Myles Turner is a perfect fit with the Minnesota Timberwolves

The Minnesota Timberwolves are reportedly interested in acquiring Indiana Pacers big man Myles Turner. And they should be; Turner would be a perfect fit.

It’s not obvious at first. After all, Turner has played almost exclusively at center over the course of his career. As it turns out, the Wolves have a pretty good center of their own.

But it’s probably not a stretch to say that Chris Finch might just see a frontcourt pairing of Turner and Karl-Anthony Towns as a match made in heaven.

Let’s take a quick look at the fit as a preface to a deeper dive on both ends of the floor — coming soon!

Myles Turner would transform the Minnesota Timberwolves defense

Let’s start with the obvious: Myles Turner is one of the best defensive big men in the NBA.

Turner finished No. 4 among centers in ESPN’s Defensive Real Plus-Minus, finishing behind three-time Defensive Player of the Year Rudy Gobert, Clint Capela, and DPOY award finalist Bam Adebayo. Turner finished No. 7 in the metric 2019-20 and No. 2 in 2018-19.

He also led the league in block percentage this year for the second time in his career with an insane mark of 8.8 percent.

Turner is highly switchable for a 6-foot-11 big man. Combined with Towns’ ability to guard mobile bigs and hold his own when switching on the perimeter, the duo would be able to manage defensively, even against stretch bigs and large opposing lineups.

In the first minute alone of this highlight video, there are multiple instances of Turner playing drop pick-and-roll coverage perfectly — a concept that Towns has struggled with at times and only recently was able to show something resembling a level of comfort regarding the scheme.

There’s also a great clip of Turner helping and recovering in the paint, stopping an easy bucket at the front of the rim and forcing a turnover.

It’s exactly what the Wolves have challenged Towns to do, but if they can acquire Turner, he could single-handedly transform Minnesota’s defense and allow Towns to play a lower-leverage role on that end of the floor.

Myles Turner would fit the Minnesota Timberwolves’ offense

Turner is not a star on the offensive end of the floor in the way that he is on defense. But he could prove to be a perfect fit in head coach Chris Finch’s system.

With Towns, D’Angelo Russell, Anthony Edwards, and Malik Beasley, the Wolves have plenty of offense. There aren’t many shots left to contend for, which is exactly why the fifth member of the starting lineup would ideally be a defensive-minded, low-usage offensive player.

(Yes, the Wolves would have to send someone out to acquire Turner, but that’s a conversation for another day. For the record, my money is on Beasley being part of a Turner deal.)

In 2020-21, Towns and Jarred Vanderbilt put up a two-man net rating of 5.0, which was Towns’ best mark for any of his two-man pairings. Vanderbilt is an extremely limited offensive player but is a long, athletic, switchable defender and plus rebounder.

Turner is a better defender and rim protector than Vanderbilt, is two inches taller and carries a wingspan that is three inches longer. He’s also a far superior offensive player.

Turner is a career 35.2 percent 3-point shooter who has seen his rate of long-range attempts grow exponentially over the past two seasons. A whopping 47.7 percent of his field goal tries in 2020-21 were from beyond the arc, up from 42.6 percent last season and 25.1 percent in 2018-19.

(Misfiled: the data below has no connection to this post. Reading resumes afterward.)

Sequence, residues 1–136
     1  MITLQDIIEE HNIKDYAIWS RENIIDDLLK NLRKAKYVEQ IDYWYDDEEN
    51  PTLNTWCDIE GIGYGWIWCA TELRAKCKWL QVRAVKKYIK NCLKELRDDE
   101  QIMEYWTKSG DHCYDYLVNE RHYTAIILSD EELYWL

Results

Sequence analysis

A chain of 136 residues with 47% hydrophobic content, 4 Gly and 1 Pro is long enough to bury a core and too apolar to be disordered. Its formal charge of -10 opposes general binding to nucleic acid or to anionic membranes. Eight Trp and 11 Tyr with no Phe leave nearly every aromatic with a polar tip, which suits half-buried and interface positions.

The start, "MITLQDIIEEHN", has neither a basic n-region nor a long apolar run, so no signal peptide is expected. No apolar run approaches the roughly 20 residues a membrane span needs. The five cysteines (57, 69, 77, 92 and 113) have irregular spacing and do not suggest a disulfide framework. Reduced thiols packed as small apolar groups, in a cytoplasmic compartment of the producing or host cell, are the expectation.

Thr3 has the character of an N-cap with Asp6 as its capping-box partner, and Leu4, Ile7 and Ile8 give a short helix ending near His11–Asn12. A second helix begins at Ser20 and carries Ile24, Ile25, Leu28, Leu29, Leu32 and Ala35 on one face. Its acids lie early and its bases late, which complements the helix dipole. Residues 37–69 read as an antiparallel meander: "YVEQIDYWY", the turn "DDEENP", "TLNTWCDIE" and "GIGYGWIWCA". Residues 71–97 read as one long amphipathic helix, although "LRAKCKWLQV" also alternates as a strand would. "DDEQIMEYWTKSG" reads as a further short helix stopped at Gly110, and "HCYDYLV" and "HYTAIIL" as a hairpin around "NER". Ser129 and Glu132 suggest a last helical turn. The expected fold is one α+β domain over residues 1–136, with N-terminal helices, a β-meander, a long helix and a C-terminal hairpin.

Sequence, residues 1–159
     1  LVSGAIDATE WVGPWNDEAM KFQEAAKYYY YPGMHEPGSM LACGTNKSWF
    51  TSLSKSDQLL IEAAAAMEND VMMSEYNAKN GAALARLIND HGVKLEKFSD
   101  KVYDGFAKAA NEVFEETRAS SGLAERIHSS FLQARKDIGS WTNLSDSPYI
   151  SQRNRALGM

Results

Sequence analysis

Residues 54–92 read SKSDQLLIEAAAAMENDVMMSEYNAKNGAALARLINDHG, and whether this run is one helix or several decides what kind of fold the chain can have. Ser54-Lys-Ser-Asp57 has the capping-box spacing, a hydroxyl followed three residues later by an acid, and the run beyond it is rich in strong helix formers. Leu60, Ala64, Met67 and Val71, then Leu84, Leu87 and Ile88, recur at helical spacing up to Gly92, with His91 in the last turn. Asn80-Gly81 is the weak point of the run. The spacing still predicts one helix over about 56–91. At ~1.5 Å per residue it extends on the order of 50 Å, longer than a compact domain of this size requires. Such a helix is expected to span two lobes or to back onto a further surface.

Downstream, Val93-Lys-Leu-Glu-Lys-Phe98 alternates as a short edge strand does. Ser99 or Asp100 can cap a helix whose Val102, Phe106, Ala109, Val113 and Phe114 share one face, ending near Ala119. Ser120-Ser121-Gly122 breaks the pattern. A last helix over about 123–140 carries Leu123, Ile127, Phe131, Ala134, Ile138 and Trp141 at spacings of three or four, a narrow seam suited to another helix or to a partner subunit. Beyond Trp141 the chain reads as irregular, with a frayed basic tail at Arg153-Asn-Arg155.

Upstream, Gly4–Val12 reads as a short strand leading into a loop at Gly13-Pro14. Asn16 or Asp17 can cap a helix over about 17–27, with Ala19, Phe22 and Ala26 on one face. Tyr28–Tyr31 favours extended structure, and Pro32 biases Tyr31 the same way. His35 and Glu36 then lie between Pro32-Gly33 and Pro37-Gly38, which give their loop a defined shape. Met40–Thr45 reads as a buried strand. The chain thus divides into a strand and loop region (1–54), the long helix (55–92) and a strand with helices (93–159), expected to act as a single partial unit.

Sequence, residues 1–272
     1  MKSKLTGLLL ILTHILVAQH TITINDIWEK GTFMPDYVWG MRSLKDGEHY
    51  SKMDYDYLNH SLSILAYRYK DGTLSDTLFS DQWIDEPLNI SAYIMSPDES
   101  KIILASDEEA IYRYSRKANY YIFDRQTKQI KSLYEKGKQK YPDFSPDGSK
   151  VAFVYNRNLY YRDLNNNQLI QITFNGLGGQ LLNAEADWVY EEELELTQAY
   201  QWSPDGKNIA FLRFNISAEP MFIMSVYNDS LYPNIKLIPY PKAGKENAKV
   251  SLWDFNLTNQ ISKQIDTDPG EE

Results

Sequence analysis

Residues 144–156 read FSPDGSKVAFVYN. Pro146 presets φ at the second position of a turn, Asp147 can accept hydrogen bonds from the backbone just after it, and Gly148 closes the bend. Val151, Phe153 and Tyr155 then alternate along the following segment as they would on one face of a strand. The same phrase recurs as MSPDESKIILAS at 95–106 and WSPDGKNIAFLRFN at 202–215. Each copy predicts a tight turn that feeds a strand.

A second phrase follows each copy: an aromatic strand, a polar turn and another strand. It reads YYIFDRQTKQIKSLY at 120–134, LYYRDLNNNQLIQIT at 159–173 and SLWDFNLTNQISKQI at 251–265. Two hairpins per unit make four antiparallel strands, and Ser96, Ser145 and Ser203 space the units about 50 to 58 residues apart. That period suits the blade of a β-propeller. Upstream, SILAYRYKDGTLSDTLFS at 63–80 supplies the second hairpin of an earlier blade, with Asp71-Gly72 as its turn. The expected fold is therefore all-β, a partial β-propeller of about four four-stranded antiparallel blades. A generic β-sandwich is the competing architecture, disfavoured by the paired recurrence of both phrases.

But Turner is perhaps best used in screen-and-roll game; this season he put up a mark of 1.28 Points Per Possession (PPP) as a roller, good for 93rd percentile league-wide, according to Bball-Index.com (subscription required). Last season, that mark was 1.25 PPP, which was 91st percentile.

Towns’ marks were 1.18 PPP (84th percentile) this year but a whopping 1.62 PPP in 2019-20, which was in the 100th percentile.

Despite an all-around disappointing season, the Pacers offense finished No. 14 in offensive rating despite being ravaged by injuries. The pairing between Turner and Domantas Sabonis worked and demonstrated something of a blueprint for a modern-day twin towers-esque pairing in the frontcourt.

Suffice it to say, the Wolves’ offense could survive on a bevy of horns pick-and-roll sets. Throw in some creative wrinkles, isolation sets for Edwards and Towns, and a dangerous transition game led by Edwards and Russell, and the Wolves starting lineup will be a problem on both ends of the floor.

Chris Finch would add influence from the Pelicans and Nuggets playbooks

Finch was the associate head coach under Alvin Gentry in New Orleans when the Pelicans had a top-10 offense built around DeMarcus Cousins and Anthony Davis back in 2017-18. They ran plenty of similar concepts to what Finch has already done over 41 games in Minnesota: tons of horns, mid-post and split-post sets centered on Towns, and double-drag screens as a staple of the secondary fastbreak.

Expect Finch to continue to dig up plays from those Pelicans team, in addition to what the Denver Nuggets ran when Finch was on staff early in Nikola Jokic’s career.

If the Wolves managed to trade for Turner, they would round out their starting lineup with a two-time block champion and top-flight defender and actually gain something on offense. Additionally, if Beasley was indeed included in a trade, such a move would allow the Wolves to use Jaden McDaniels and Juancho Hernangomez at both the 3 and the 4, and there’s a high probability that McDaniels would remain in the starting lineup.

Now, what would the Wolves need to give up to acquire Turner? Stay tuned. That’s a conversation for another day.